Multiple Chemical Sensitivity May Be What's Bothering You
Working with dangerous chemicals is common to workers whose performance and paycheck are on the line. Only after potentially harmful chemicals have been handled do workers come to understand the threat to their health and safety.
Recently, a condition known as Multiple Chemical Sensitivity (MCS) has been defined by various authorities, including The Labor Institute, NYC, a non-profit research and education association. The Institute's definition :
"A disorder caused by exposure to chemicals in the environment."
Multiple Chemical Sensitivity presents a special problem in which many professionals in the health community are not acknowledging that MCS exists. Workers are left thinking that something is wrong with them, when in fact the problem lies with the substances they are working with.
Yet, MCS may answer the question facing many workers who feel that something is wrong with them.
Like any other workplace health issue, precautionary measures may be taken to avoid exposures that may bring about MCS disorders.
According to the Labor Institute, symptoms of MCS include, but are not limited to :
- Short-term memory problems
- Dizziness or fainting spells
- Flu-like symptoms
- Asthma or other breathing problems
- Muscle and joint pain and weakness
- Irregular or rapid heartbeat
- Increased sensitivity to ordors
- Gastro-intestinal problems
Precautionary measures are needed to be taken in the workplace to avoid exposure to dangerous chemicals. Such precautions include, but are not limited to :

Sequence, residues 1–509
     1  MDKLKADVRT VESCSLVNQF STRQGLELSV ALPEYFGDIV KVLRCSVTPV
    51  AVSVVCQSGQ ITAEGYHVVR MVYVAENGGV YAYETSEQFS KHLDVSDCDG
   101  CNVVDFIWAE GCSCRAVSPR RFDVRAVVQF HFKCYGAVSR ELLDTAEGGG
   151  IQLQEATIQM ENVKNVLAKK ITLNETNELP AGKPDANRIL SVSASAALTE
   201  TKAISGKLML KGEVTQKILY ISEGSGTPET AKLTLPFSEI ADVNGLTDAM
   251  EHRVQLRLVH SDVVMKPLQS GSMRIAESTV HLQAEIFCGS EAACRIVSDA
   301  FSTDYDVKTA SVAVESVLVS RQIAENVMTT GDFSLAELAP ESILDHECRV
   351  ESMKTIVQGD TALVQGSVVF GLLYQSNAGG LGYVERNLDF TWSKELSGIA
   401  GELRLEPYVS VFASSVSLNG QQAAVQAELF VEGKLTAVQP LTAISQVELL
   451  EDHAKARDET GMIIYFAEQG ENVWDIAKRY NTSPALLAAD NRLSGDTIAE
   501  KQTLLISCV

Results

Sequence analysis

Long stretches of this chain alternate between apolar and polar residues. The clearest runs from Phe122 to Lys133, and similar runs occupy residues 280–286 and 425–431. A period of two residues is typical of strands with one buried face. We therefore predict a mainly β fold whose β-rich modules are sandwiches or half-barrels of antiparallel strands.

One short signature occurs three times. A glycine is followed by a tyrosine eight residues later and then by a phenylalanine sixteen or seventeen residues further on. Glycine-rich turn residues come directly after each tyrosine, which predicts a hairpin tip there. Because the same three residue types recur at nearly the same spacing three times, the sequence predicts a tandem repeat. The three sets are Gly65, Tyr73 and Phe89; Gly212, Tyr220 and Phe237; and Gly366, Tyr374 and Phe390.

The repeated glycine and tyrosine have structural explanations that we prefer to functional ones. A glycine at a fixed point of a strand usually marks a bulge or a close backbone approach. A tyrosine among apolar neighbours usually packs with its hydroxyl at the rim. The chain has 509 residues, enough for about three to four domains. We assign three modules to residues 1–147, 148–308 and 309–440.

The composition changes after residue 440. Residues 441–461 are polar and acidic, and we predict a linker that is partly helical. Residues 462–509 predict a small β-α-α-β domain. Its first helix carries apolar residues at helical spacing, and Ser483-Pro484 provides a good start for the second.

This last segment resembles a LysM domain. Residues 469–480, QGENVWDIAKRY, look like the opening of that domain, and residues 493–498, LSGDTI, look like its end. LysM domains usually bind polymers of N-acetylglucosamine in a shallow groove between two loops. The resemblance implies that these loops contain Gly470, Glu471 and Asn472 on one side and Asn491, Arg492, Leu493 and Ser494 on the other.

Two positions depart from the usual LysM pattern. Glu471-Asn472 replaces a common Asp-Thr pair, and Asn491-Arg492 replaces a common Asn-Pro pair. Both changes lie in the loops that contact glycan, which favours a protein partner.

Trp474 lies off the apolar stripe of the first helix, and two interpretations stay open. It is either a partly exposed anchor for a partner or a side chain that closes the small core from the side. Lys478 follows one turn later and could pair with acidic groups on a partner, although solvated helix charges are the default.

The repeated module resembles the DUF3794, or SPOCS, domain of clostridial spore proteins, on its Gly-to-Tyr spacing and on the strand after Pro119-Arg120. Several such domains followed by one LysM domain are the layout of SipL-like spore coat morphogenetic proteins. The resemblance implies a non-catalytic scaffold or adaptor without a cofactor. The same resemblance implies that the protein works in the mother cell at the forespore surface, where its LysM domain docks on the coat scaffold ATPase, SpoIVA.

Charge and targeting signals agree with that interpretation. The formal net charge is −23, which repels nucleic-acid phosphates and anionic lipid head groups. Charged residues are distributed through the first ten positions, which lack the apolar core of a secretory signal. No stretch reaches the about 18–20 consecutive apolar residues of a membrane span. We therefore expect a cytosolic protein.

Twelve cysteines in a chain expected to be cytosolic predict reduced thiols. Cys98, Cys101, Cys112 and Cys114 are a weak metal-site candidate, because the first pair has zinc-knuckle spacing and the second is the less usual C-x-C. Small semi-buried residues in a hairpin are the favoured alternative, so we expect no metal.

- wearing gloves, apron, goggles or facesheild, respirator;
- referring to Material Safety Data Sheets (MSDS);
- and training.
Each chemical has its own makeup and hazards. One way to go about finding the root of the problem would be to look at specific chemicals you are working with. Ask your employer for the MSDS. All employers are mandated to have MSDS' for all chemicals used in the workplace and they must be available to workers. Here's where you'll find whether you need to wear protective clothing, advocate for a safer process to eliminate/reduce exposure or consider a switch to another job.
The best solution would be to "engineer out" the hazard; that is, switching to a non-hazardous material(s) or changing the job process or materials used. In general, the best step is to learn about the chemical(s) and then seek to deal with the concerns it raises. Occupational health nurses, epidemioligists and other specialist would be good sources for information and recommendations for handling the problem.
Characteristics of Multiple Chemicle Sensitivity (MCS)
- There are usually multiple symptoms involving multiple body systems, such as :
- the respitory system,
- the gastro-intestinal system,
- the musculo-skelatal system.
- Typically, symptoms occur after initial exposures which can be identified by the person (like the chemical off-gassing during the installation of new carpeting), or repeated low-level or chronic exposures (like pesticide spraying, or working over a dry cleaning shop or with solvents).
- Symtoms occur and subside in responce to an ever increasing number of substances and products at lower and lower levels. Reactions are triggered by :
- combustion sources and by-products
- and coal tar derivatives.
- new building materials and furnishings,
- formaldehyde in new clothes,
- perfumes and colognes,
- car exhaust,
- and copy machines and laser printer toner.
Further information on MCS and on specific chemicals may be obtained from OSHA, NIOSH, various state health agencies and WisCOSH, Inc.